race including David Perdue, a cousin of former Governor Sonny Perdue. Third quarter 2013 FEC reports show three candidates - Kingston, Gingrey and Perdue - have over $1 mlliion on hand, and two more -
Broun and 2010 gubernatorial candidate Karen Handel have over $300,000. The abundance of money portends a heated battle for the GOP nomination that could and probably will help the Democratic
nominee make this a fight in the general election.
Michelle Nunn looks to be that nominee. Her name value here provides instant recognition (she's the daughter of former Democratic Senator Sam Nunn), and Georgia Democrats are encouraged
by her first-tier candidacy. Since jumping into the race back in July, Nunn has already raised $1.7 million and has nearly $1.4 million on hand. Several others have declared on the Democratic side,
including a former Georgia state Senator, but none is expected to give Nunn a legitimate challenge in the primary.
Once the primaries are settled, we should see an interesting and competitive general election campaign. Considering Chambliss' narrow 3-point victory here in 2008, one might be tempted to give Nunn
even-money odds to capture the seat now that Chambliss is retiring. But 2008 was a strong Democratic year with President-to-be Barack Obama at the top of the ticket. On the flipside, take a look at
2010's Georgia Senate race, a 20-point rout by Republican Johnny Isakson, and one might want to write off any chance of a Democratic victory. 2014 will be unlike either 2008 or 2010. Instead, with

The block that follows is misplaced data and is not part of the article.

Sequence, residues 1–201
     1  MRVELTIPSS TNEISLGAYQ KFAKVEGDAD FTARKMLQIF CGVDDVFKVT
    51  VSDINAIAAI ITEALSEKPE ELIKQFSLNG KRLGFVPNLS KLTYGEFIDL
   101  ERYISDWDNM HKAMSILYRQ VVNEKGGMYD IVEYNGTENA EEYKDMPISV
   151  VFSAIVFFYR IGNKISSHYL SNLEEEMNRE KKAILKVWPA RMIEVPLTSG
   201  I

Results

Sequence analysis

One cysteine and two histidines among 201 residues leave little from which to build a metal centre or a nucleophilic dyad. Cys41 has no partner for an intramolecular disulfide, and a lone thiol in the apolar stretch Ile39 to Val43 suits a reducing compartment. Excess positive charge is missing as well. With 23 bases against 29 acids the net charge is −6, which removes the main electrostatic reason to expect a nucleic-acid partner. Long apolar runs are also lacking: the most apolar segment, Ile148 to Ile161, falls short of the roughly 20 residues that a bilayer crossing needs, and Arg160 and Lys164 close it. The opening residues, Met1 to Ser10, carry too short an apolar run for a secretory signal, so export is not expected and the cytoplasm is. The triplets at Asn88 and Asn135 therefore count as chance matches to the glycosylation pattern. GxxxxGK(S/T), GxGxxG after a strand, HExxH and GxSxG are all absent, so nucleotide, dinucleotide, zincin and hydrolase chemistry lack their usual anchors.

at least a moderate GOP wind blowing, the Republican nominee - despite primary bruises - should be able to claim a close but comfortable win.
Preliminary projection: Mod GOP Hold
posted by Scott Elliott at 10:54am 11/22/13 :: link
Wednesday, November 20, 2013
Aided in no small measure by the Tea Party, Republicans enjoyed a dominating election cycle in 2010, picking up 63 House seats, 6 Senate seats and 6 statehouses. It was an historic election, but not a perfect
one. The GOP failed to regain the majority in the Senate though many thought the opportunities were there to accomplish that gargantuan feat. One such missed opportunity was Vice-President Joe
Biden's seat in Delaware - and the Tea Party was largely to blame.
With popular Republican Congressman Mike Castle set to run, Chris Coons was never considered much more than a sacrificial lamb for a state Democrat party who knew their chances of keeping Biden's seat were minimal
at best. Then the Tea Party swept in and helped the GOP nominate Christine O’Donnell instead. The candidate and campaign that followed were both sad and comical at once and gifted the
Democrats one less lost Senate seat. Coons went on to win with 57% of the vote.